VOD film review: Paddington
Ivan Radford | On 27, Mar 2015
Director: Paul King
Cast: Ben Whishaw, Hugh Bonneville, Sally Hawkins
Years after Michael Bond’s Paddington turned up at the train station, with a note saying “Please look after this bear” tied around his neck, the idea of someone turning the books into a feature film was a bleak prospect. But from the opening moments of Paul King’s live action romp, it’s clear that this bear has been very well looked after indeed.
A prologue, shot by an explorer in Darkest Peru, introduces our furry friend. “I named one of the bears after my mother,” says the intrepid voiceover, “and the other after an exotic male boxer I met in a bar.” And so we meet Uncle Pastuzo (Michael Gambon), who gulps down marmalade with relish, and Aunt Lucy (Imelda Staunton), who sends Paddington (Whishaw) on his way to London, where he’s “guaranteed a warm welcome”.
It’s a smart introduction that immediately sets the tone of the movie; one where the poignant tragedy of Bambi can sit alongside irreverent silliness and where a CGI bear and humans can comfortably co-exist.
That matter-of-fact juxtaposition is handled expertly by the rest of the cast, kids and adults alike. “Avoid eye contact, there’s some kind of bear over there,” Mr. Brown tells his children, as they alight from a train one night. “Probably selling something.” Hugh Bonneville is perfect as the uptight father, bumbling his cynical way through the absurd adventure with a straight face and spouting ridiculous statistics about health and safety (“7 per cent of childhood accidents start with jumping”).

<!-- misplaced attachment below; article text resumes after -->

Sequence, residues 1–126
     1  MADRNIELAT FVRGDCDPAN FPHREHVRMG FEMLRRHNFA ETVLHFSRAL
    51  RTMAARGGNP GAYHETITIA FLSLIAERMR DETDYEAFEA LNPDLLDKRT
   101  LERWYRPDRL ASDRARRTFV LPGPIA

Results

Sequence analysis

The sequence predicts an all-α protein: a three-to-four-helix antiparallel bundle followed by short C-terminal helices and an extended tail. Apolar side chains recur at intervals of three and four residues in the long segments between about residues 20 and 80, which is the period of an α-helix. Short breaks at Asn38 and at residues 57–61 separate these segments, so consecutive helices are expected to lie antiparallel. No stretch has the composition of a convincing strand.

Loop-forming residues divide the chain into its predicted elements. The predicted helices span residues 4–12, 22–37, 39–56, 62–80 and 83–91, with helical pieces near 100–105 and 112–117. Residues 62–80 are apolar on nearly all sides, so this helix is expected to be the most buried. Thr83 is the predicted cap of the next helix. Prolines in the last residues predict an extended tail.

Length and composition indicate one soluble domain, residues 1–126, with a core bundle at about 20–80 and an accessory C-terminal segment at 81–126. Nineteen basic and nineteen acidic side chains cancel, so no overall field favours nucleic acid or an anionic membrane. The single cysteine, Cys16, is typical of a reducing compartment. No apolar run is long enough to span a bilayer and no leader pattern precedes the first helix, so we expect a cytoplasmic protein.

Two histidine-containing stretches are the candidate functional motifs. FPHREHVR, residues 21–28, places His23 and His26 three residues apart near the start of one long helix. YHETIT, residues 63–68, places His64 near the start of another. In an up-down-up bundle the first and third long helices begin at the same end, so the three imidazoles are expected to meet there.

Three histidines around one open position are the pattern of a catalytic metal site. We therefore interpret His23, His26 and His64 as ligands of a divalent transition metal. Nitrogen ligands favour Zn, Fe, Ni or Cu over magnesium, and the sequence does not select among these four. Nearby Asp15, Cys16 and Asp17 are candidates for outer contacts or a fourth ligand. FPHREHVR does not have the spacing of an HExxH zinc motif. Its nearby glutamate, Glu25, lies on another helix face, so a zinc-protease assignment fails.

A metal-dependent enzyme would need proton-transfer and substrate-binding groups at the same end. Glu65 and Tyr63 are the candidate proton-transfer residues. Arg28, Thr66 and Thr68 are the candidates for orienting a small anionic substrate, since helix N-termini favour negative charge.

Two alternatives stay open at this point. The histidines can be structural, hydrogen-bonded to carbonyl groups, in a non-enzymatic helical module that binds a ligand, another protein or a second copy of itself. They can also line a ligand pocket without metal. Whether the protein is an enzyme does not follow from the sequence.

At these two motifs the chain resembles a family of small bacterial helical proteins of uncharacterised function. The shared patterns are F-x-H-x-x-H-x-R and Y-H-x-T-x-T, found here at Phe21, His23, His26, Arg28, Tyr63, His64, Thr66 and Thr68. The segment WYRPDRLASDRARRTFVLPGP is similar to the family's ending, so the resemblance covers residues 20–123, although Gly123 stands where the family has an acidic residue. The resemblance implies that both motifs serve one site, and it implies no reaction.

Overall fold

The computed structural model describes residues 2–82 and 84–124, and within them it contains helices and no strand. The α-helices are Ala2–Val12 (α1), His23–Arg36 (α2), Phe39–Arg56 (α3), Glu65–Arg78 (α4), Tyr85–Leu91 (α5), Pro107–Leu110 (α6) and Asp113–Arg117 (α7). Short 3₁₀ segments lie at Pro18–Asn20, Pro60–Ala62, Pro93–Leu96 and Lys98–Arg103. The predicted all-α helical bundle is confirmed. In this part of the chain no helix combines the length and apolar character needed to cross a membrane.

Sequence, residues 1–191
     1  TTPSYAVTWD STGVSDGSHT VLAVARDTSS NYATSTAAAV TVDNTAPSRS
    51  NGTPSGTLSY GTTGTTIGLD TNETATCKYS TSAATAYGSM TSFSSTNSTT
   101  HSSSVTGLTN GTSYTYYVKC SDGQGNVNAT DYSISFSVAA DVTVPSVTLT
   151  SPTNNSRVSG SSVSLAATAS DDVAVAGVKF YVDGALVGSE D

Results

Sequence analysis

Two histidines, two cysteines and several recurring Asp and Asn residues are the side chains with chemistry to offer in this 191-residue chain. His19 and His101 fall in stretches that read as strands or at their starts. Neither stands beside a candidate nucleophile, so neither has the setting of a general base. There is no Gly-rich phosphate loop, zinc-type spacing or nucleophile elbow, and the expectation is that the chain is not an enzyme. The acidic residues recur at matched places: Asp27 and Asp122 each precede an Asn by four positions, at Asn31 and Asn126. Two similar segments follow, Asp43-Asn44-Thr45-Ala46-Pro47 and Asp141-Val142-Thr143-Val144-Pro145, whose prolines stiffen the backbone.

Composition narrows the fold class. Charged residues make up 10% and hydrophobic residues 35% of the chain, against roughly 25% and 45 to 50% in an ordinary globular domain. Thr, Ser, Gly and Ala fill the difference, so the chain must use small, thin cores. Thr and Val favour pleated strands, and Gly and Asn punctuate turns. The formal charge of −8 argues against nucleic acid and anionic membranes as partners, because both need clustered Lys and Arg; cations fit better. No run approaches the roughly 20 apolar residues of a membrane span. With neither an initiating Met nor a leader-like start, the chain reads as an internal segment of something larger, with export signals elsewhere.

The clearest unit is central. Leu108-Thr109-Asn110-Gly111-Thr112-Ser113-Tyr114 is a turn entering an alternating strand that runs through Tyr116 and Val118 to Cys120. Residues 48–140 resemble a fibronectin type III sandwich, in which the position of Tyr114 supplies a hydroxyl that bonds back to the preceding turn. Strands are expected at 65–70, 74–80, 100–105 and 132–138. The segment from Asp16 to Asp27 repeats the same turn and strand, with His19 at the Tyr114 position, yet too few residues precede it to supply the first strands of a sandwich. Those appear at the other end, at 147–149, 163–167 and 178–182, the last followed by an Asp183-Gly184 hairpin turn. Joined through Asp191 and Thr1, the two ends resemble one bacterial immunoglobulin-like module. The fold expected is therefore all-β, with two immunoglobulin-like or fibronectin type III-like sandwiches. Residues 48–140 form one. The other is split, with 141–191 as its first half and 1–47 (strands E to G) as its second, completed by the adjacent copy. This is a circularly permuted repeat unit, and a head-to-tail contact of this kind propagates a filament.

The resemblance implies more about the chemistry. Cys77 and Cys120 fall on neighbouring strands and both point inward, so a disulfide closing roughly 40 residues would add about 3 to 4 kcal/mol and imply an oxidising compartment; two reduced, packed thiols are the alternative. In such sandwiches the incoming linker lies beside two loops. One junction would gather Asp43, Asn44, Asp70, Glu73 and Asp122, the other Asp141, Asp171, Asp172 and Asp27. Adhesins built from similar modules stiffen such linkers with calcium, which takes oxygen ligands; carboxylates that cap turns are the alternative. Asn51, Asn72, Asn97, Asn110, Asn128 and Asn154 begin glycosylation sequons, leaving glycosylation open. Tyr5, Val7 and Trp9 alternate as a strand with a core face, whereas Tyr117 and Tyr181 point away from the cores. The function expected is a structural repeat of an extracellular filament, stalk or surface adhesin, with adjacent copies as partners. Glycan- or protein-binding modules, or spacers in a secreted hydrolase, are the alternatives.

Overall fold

Ben Whishaw’s mellifluous vocals are just the right antidote, soothing and mature yet still capable of naive observations; a balance nailed by the cuddly digital effects team. “I think I shall probably sleep over there in that… bin,” he deadpans, with an endearing honesty.
Sally Hawkins, though, delivers the film’s real soul: a warm, welcoming attitude that honours the explorer’s original invitation and contrasts with the capital’s otherwise cold population, whether it’s Peter Capaldi as a NIMBY neighbour or Nicole Kidman as a scheming taxidermist, who wants to kill the Peruvian animal and stuff him.
In anyone else’s hands, the nastiness could be traumatic or the sweet emotion sickly or overstated, but Kidman plays her cruelty for giggles, while the squeaking Hawkins smiles with just the right amount of sincerity. Her message is echoed throughout King’s clever production, which uses Nick Urata’s score and calypso songs from D Lime to remind us of London’s multi-cultural world, and conjures up endlessly enchanting set pieces with the tangible fuzz of the director’s indie roots. Even the script’s comedy is all-inclusive, combining an impressive array of slapstick stunts with puns and musical gags. There is, quite literally, bare humour.
The result is a family film that embraces everyone in the audience, regardless of age or origin. (A sequel would, surely, be called “Paddington: International”.) In a year where we’ve seen the rise of UKIP, Paddington is a lovely reminder that people are capable of kindness and tolerance. One scene sees a fellow orphan, played by Jim Broadbent, retell the story of his wartime evacuation to another country. “My body came,” he smiles, “but my heart… took a little longer to arrive.” Paddington’s has no such delays.